The Importance of a Buy-Sell Agreement

by Kevin Ward CFP® – Advisor

Back in July I wrote a blog about how and why business owners should diversify their personal net worth and overall wealth. So, how do you ensure that your business is diversified so that if something happens to you or another leader in the company, business can run as usual? The first step is to consider the business needs and roles of current or future partners/employees to create a transition or contingency plan.  

If you have business partners, what will happen to the business if one of you dies, is disabled, or departs from the company? A well-written Buy-Sell Agreement will address the triggering events for an ownership transfer, the valuation methodology, and the mechanics or funding source for an ownership transfer (seller financing, bank financing, life, or disability insurance).  

If an owner or key management team member dies or is incapacitated, there are several questions that need to be addressed: 

  • Does the company have the balance sheet strength to absorb the loss of a key person and/or hire a replacement? 
  • Does the company maintain Key Person life insurance on owners or employees who are critical to the business so that the company receives a cash infusion either to stabilize the business, pay off company debt, retain key employees to protect against flight risk, fund an executive search, or hire their replacement? 
  • Who runs the business? Is it another management team member? A spouse? One or multiple kids? Do those key people have the appropriate desire or skill set to maintain the operation and lead your company? Is your hand-picked successor well-liked and respected by his or her peers and how would their leadership impact company culture? How would the loss of an owner or key person impact employee morale?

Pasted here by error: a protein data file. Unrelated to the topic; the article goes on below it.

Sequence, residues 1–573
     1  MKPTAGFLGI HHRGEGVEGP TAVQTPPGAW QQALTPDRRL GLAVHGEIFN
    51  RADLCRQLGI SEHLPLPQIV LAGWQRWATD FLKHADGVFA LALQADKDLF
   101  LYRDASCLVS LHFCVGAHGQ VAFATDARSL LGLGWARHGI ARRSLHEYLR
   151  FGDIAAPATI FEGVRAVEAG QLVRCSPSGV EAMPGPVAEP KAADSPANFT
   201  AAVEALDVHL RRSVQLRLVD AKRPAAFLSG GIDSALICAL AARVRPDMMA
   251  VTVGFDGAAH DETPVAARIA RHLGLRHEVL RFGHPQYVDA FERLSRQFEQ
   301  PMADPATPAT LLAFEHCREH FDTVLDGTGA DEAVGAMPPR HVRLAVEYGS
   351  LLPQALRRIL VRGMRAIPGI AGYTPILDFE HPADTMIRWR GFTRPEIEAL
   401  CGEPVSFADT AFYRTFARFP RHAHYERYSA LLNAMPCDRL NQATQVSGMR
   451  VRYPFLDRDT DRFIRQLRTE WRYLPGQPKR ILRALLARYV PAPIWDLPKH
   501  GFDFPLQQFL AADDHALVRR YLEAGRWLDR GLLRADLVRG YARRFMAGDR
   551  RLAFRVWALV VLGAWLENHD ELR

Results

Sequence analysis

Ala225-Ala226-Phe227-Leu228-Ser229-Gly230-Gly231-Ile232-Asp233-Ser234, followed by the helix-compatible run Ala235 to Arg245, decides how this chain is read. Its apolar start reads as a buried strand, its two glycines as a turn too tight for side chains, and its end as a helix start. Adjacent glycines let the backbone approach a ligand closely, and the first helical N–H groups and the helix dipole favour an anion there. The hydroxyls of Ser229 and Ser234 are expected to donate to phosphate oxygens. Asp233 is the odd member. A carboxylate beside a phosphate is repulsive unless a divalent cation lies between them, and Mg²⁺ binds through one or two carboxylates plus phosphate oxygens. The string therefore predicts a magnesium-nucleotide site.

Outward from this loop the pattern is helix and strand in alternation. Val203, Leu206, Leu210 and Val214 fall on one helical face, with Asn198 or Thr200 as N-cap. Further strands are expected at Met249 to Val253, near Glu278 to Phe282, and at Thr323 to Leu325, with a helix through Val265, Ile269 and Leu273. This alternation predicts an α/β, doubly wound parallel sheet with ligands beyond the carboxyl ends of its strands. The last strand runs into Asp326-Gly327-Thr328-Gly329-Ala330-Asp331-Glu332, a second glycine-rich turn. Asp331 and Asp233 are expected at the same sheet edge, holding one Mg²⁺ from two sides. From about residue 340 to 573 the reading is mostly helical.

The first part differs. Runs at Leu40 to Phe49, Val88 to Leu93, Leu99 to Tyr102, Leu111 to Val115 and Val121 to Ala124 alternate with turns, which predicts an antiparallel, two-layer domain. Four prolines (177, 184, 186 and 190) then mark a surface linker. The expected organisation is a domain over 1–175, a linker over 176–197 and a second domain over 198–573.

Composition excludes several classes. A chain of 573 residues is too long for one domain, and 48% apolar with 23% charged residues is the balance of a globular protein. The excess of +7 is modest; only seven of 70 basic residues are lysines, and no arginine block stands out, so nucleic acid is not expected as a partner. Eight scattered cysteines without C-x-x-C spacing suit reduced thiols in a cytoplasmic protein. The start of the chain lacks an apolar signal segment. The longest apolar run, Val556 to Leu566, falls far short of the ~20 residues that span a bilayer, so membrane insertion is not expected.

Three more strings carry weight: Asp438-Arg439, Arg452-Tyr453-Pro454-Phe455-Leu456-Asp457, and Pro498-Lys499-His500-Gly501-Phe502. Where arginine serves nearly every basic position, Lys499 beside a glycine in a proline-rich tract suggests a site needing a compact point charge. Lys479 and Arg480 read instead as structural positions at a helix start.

• If there are multiple partners, is the company’s attorney neutral enough that they can draft the document for everyone’s benefit or should each partner hire their own attorney to represent their individual best interests? 

Unfortunately, companies that don’t have a detailed Buy-Sell Agreement for all owners may face years of turmoil and potentially costly lawsuits. We know one company where one of the partners suddenly passed away, entitling his widow to the value of his shares. However, the buy-sell agreement did not define the method for valuing those shares. While an independent party was hired to decide how much to award the widow, she did not agree with the decision and filed a lawsuit against the other owners seeking much more money and diverting the owners’ attention from the business. 

The Buy-Sell Agreement and funding mechanisms should be reviewed every couple of years to ensure the plan has not outgrown the needs of the company and/or dollar amounts covered by insurance or financing resources available. Ensure that all major stakeholders (families, key employees, advisors, etc.) are aware of the plan and location of these documents/resources.  

These are conversations that we are constantly having with our business owner clients. If you want to start a conversation and how the Borglum Team at Moneta can help you, please don’t hesitate to reach out to me at 


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